Entries in networks (4)


Connections and globalization

We enjoy -- and encourage you to explore -- Catalyst Fellow Parag Khanna's exploration of how shifting demographics and increased global connectivity are reshaping civilization.

His 2011 book, How to Run The World: Charting a Course to the Next Renaissance, contemplates a world in which non-state actors have as much influence on the course of world events as countries do -- in many ways similar to the 16th century.

More recently, Khanna has focused on connectivity and how it redefining how we approach issues of commerce and government. His new book, due out in April, is titled Connectography: Mapping the Future of Global Civilization, views current market trends and international conflicts through the lens of how each is related to connective infrastructure. This was also the theme of his 2016 TED talk (while waiting for the video to post, you can read the Tech Insider review). "Connectivity, not sovereignty," Khanna says, "has become the organizing principle of the human species."

And although the transformation can appear chaotic, Khanna is optimistic about the future -- that beneath the chaos of a world that appears to be falling apart is a new foundation of connectivity pulling it together.

 -- Bruno Roche and Clara Shen



Catalyst Content Briefing

In this week's look at what else is new and interesting: » MUTUALITY LAB • Developing external knowledge sources and the importance of internal connections • The effect of population decline on the economy and the labor force » CULTURE LAB • A performance culture does not necessarily drive strategy execution • Developing and nurturing a successful intrapreneurship process » DEMAND LAB • Facebook develops tool allowing advertisers to monitor, determine relevance of ads • Marketers take notice of sensory-based marketing

Click to read more ...


Can you have too much team cohesion?

A recent study out of Ryerson University questions the conventional wisdom that the performance of workplace teams always increases as their social bonds grow. Instead, the relationship between team cohesion and performance looks more like a classic bell curve -- rising significantly at first, but peaking at a certain point and declining beyond that.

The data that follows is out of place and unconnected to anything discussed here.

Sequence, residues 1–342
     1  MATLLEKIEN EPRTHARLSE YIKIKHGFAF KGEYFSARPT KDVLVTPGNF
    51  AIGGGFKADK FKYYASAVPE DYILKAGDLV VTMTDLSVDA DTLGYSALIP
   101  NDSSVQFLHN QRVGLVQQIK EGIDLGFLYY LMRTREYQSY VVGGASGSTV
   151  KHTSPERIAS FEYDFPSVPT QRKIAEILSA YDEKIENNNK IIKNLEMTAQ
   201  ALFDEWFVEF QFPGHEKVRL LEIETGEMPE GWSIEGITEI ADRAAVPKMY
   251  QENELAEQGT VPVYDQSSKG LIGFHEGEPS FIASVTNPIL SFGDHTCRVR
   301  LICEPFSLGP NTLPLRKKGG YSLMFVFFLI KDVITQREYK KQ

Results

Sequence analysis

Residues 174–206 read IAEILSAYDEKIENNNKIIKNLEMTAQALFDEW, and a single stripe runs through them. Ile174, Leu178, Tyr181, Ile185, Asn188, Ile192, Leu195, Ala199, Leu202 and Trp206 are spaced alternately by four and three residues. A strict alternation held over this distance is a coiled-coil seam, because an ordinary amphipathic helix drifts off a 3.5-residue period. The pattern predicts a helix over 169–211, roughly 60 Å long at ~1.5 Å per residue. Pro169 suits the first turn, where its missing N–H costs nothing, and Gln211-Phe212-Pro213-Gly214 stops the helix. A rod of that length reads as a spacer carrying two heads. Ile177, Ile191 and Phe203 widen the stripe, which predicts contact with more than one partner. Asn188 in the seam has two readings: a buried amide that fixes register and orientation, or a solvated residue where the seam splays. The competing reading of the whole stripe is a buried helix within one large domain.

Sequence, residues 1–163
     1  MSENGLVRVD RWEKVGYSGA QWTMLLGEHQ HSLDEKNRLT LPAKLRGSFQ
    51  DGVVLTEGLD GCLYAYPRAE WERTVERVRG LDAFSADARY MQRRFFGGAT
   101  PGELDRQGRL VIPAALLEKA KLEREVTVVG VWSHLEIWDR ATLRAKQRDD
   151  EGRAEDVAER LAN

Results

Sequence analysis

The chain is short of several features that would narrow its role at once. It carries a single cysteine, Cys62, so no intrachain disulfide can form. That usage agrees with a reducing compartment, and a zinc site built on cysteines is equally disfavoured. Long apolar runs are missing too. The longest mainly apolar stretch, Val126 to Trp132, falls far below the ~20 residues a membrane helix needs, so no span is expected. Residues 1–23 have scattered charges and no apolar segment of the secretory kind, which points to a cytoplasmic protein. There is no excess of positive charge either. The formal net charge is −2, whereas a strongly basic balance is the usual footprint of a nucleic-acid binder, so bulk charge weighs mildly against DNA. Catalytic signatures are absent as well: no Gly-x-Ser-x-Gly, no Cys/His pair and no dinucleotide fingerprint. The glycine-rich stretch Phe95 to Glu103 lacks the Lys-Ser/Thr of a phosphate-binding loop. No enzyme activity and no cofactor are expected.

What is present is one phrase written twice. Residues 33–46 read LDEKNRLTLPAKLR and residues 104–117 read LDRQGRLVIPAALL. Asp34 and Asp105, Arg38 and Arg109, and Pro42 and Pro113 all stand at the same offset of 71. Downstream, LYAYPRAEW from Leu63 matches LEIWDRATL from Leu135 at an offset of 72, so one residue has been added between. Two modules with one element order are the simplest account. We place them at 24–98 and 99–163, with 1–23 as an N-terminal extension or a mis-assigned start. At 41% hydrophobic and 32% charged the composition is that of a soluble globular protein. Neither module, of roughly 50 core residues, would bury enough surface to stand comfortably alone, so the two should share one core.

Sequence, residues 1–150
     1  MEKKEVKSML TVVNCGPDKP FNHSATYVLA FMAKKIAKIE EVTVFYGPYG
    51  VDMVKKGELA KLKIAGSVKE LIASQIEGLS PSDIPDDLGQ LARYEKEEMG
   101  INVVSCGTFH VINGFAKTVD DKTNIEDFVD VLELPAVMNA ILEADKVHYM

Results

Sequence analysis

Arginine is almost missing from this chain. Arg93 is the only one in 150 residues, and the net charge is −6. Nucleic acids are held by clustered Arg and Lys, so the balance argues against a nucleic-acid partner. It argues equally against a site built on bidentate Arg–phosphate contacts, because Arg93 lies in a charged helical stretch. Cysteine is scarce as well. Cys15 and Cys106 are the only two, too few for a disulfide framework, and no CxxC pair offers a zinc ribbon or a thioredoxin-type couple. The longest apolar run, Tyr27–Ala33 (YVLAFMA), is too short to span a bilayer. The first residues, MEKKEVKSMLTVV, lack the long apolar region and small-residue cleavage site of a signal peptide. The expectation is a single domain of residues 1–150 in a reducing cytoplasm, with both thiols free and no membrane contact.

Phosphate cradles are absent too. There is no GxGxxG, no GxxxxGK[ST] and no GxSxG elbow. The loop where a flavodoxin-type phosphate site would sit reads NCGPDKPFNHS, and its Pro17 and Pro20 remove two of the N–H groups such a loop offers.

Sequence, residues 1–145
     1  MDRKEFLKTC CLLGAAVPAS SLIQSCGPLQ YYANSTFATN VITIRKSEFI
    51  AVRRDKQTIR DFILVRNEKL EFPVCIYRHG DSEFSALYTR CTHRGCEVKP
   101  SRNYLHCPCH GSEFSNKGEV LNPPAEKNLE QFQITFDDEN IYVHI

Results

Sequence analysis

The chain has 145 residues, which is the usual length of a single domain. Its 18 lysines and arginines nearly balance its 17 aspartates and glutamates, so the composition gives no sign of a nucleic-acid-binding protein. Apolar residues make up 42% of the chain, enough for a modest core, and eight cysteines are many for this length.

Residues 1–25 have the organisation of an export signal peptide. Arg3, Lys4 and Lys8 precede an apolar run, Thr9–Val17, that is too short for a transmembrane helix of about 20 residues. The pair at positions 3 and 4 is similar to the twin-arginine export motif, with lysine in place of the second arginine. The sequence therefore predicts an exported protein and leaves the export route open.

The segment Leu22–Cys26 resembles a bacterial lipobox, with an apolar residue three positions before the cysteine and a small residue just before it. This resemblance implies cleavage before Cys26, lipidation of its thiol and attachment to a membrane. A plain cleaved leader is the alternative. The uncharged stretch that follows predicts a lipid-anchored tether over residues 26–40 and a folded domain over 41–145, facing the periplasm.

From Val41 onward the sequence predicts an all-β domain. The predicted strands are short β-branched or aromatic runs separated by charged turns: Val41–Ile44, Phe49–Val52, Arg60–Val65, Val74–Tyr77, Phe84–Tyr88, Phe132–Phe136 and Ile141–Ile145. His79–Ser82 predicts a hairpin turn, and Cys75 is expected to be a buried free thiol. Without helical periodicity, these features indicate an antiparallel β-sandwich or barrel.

One reason for the previously undocumented decline in performance at the far end of the spectrum could be that "groupthink" hampers innovation and dampens a team's urge to challenge the status quo, according to an article in Strategy+Business. The risk of teams aligning their analysis with senior leaders has been explored in the past, but those posed by intra-team social ties less so.

There are benefits to team cohesion, including higher levels of job satisfaction, fewer conflicts, and less turnover, but the implications of the study seem to be that a balancing act is required. Team leaders and managers should try to find that optimal level of social ties that promote high performance, and to monitor and make adjustments if the risk of stagnation and groupthink starts to grow.


Image: Example team connection maps. Source: Baylor University

-- Segundo Saenz, Bojan Angelov


Social captital key to success in workplace: data analyst

An expert in network analysis and human capital states that social capital now trumps other skills in today's workspace.  Valdis Krebs, founder of Orgnet LLC, says that workers must distinquish themselves by their ability to connect, mix, and resolve data and content.

The new competitive advantage is social context – how internal and external content/information is interpreted, combined, made sense of, and converted to new products and services via diverse inputs, opinions, viewpoints, and know-how.

Krebs sees social capital stemming from the personal and professional networks of employees, and he defines social captigtal as the ability to find, utilize and combine the diverse skills, knowledge and experience of others, inside and outside an organization.

--Clara Shen